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The patterned compositional evolution in thin films of a binary alloy controlled by modulated stress fields is studied by employing Monte Carlo simulations. General features of stress-patterned phase segregation are probed using a binary Lennard-Jones potential in which the lattice misfit between the two components of the alloy is varied systematically. In general, patterning of the microstructure is found to be more robust in the low-mismatch binary systems because large lattice mismatch promotes plastic, and therefore, irreversible relaxation, during annealing. It is shown that some control over the relaxation process can be achieved by careful design of the applied thermal annealing history. Additional calculations have been performed using two other potentials for binary metallic systems, an embedded-atom method (EAM) potential for Cu–Ag and a modified embedded-atom method (MEAM) potential for Cu–Ni that represent examples of high and low-mismatched systems, respectively. The results obtained with generic Lennard-Jones potentials are in excellent agreement with those from the EAM and MEAM potentials suggesting that it is possible to derive general guidelines for accomplishing stress-patterned segregation in a variety of thin films of binary alloys.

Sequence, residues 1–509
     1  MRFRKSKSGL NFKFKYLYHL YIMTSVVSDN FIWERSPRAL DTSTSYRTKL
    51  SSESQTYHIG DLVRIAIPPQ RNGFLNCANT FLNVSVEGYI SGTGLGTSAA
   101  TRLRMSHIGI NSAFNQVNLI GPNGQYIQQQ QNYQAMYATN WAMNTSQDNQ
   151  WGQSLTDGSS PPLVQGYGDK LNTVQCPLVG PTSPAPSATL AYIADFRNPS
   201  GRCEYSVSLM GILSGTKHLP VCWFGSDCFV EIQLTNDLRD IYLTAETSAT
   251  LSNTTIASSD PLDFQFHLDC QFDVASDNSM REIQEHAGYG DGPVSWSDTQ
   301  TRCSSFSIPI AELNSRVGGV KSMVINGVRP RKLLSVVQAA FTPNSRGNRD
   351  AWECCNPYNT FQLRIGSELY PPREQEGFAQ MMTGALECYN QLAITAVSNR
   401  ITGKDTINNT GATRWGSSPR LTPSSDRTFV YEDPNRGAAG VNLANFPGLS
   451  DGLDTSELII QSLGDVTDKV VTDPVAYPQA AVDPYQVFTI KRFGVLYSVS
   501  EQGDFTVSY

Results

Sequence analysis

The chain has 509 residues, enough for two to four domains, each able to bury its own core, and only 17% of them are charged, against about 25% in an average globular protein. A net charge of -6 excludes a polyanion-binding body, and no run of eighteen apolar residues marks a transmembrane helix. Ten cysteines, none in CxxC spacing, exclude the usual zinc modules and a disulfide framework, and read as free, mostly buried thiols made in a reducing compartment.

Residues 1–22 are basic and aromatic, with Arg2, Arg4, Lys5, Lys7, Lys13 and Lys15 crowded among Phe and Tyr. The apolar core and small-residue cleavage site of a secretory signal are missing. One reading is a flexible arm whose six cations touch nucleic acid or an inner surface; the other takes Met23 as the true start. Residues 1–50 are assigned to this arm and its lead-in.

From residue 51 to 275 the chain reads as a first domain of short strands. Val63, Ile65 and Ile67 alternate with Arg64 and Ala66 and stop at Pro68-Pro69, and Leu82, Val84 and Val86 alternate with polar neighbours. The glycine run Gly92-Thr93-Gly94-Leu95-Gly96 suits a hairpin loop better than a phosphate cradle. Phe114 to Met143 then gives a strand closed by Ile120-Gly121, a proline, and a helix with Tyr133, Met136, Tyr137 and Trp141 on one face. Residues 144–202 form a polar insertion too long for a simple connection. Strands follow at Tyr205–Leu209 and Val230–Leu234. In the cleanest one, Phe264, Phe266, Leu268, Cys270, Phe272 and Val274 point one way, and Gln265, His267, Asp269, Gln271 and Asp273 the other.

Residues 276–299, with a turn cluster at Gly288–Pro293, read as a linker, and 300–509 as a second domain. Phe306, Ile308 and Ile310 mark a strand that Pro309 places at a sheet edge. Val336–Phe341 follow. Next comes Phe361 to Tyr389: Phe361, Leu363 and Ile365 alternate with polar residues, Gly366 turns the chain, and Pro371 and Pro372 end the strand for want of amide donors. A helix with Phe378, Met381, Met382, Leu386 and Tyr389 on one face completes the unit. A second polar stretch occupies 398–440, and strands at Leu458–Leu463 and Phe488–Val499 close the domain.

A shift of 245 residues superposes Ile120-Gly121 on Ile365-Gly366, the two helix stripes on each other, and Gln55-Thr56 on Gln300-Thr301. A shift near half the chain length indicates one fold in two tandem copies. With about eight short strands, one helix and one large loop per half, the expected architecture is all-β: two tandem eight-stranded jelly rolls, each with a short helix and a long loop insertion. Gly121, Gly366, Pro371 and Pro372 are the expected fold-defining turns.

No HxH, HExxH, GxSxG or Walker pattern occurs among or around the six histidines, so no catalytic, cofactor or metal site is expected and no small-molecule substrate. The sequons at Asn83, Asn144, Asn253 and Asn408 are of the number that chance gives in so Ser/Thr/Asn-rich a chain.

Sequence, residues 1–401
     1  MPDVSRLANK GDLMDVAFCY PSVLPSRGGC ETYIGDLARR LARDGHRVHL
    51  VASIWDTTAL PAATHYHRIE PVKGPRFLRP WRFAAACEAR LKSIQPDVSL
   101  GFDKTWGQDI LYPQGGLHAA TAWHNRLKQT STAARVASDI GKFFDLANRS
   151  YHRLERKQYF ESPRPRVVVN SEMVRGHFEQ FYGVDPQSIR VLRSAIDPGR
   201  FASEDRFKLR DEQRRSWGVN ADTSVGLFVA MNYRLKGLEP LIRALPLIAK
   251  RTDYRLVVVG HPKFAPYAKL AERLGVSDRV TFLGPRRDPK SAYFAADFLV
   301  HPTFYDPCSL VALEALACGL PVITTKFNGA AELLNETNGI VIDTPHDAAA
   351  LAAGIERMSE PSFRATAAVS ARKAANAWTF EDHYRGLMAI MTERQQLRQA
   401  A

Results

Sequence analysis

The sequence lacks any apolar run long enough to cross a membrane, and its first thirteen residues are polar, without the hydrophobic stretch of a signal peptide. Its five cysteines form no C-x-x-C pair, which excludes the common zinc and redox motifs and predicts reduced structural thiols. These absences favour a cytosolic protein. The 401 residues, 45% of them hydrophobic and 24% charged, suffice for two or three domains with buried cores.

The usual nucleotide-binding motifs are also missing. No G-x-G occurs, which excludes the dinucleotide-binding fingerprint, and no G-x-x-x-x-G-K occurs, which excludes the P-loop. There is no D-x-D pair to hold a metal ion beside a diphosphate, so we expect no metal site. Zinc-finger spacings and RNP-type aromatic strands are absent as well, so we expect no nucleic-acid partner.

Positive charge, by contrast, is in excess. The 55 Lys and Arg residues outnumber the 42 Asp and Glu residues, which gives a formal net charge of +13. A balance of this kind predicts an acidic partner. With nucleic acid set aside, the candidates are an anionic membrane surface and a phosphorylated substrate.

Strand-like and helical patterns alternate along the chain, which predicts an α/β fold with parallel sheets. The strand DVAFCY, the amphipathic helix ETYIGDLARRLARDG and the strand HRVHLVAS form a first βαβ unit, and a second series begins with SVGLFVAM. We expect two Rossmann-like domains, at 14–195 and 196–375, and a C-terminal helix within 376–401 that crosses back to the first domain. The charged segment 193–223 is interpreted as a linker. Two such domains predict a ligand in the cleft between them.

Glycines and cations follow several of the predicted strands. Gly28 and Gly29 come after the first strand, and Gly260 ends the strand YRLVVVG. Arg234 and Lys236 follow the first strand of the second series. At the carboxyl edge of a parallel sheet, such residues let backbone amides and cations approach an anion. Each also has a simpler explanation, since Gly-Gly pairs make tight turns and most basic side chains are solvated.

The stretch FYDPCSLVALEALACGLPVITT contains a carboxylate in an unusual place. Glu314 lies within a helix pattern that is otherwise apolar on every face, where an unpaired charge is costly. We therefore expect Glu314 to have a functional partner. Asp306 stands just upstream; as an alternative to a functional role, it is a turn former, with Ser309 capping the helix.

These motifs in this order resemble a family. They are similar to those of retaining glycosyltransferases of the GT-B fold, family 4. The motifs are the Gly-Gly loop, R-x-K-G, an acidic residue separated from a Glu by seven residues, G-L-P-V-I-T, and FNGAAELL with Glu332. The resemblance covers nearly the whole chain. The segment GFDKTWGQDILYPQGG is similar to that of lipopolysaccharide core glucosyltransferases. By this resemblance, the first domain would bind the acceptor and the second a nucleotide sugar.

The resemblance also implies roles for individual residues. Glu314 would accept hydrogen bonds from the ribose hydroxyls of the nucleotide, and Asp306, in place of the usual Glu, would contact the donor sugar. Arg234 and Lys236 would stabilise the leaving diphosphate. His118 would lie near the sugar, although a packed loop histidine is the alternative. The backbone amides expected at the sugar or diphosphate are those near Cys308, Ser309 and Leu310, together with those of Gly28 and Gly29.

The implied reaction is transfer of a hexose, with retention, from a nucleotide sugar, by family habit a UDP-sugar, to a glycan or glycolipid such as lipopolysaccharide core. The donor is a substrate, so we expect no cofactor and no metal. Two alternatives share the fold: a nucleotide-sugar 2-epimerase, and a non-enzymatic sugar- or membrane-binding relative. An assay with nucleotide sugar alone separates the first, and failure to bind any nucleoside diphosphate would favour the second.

Date Posted: 14 October 2010
This document has been peer reviewed.